Lemonheads - "Mallo Cup"
Lemonheads - "Luka"
When I was fourteen I sent away for a t-shirt. When it came all the way from California I took it out of the package and looked at it. Was this the one I had ordered from the tiny picture in the catalog? It was hard to remember, it had been six weeks or more. On it was a photo of someone licking a bald head. Above the photo was the word Lemonheads and below was the word LICK. It all seemed mildly licentious - could I wear such a thing? Yes, I could. I did, a lot. (There's a hilarious photo my mother took of me and my brother standing in front of a birch tree in Algonquin Park. I'm wearing that shirt and ripped jeans and my brother's wearing a shirt that says Canada. My mom liked it so much she blew it up. It's still hanging on the wall in the den.)
When I got the shirt I hadn't heard the album Lick yet. Actually, I'm not sure I even knew it was a record - band t-shirts were so mysterious. But It's a Shame About Ray was a classic for me, and still is, really. And I knew they had a past, a prehistory before they got big, records I couldn't find at Music World.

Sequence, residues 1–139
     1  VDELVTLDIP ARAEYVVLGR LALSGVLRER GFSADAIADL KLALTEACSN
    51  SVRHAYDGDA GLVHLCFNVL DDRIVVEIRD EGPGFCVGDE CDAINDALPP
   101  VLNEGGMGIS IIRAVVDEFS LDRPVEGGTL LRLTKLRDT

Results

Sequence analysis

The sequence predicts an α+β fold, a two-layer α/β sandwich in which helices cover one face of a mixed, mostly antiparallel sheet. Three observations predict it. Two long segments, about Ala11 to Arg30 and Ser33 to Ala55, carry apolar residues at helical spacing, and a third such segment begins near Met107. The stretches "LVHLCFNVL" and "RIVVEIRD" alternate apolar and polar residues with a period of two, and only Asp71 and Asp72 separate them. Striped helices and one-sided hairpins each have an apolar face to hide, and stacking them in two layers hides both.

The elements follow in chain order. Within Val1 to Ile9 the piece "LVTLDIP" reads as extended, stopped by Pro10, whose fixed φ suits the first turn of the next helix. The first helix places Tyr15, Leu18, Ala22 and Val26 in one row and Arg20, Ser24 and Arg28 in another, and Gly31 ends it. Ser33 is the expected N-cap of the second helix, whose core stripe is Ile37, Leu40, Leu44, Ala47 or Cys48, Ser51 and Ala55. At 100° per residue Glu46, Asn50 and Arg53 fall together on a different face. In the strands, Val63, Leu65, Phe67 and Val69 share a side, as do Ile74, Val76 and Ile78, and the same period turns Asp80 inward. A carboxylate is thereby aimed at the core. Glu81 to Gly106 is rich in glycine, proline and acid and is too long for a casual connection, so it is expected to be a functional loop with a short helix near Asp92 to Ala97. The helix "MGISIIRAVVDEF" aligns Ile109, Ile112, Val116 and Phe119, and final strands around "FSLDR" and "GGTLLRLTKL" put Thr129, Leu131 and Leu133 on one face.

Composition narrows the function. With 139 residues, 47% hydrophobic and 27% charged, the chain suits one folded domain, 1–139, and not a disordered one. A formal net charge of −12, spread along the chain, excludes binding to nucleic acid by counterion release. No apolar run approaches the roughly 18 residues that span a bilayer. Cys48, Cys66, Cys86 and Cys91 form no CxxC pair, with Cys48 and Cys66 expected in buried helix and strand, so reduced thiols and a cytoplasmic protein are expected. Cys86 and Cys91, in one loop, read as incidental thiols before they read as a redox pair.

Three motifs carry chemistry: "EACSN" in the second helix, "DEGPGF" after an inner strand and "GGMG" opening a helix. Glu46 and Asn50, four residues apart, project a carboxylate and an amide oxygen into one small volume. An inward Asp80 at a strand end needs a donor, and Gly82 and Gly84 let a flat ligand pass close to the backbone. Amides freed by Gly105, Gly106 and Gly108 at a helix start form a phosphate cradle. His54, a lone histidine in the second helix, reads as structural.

Weirdly, considering how much I wore that shirt, if I ever did listen to Lick back then I don't really remember it. But I just listened to it this week. It sounds a lot like The Replacements, even a bit like Husker Du in parts. There's a brilliant cover of eighties mega-hit "Luka" by Suzanne Vega on it. Evan Dando's voice is golden to me, poppy and smooth, but with just the right amount of rasp. I love it.
Shearwater - "Stray Light at Clouds Hill". Sometimes you take strength from something you are not expected to take strength from. It is as if you are reaching into the sky and taking hold of the sunbeams, bringing them with you. Something powerless lies upon the ground, or inside your heart; something impotent flickers in the water; and you pick it up. It is yours now, an amulet or a weapon. In this way I think of King Arthur's sword in the stone: here is a hilt, what is it worth, what is it good for, until the right person lifts it? Look at your life. There are hilts everywhere.
"I rode in the crosswinds," Jonathan Meiburg sings. "I sleep in the open / I slide through the fences." He is a bodiless singer, invisible and armoured, glitter in his eye. "I move in starlight," he says, over echo and echo, over a bed of shining darkness. We are weak until we are no longer weak. We are passed through and over until abruptly that passing-through, that passing-over, becomes our greatest strength. We are no longer weak ghosts; we are comrades, walking through walls.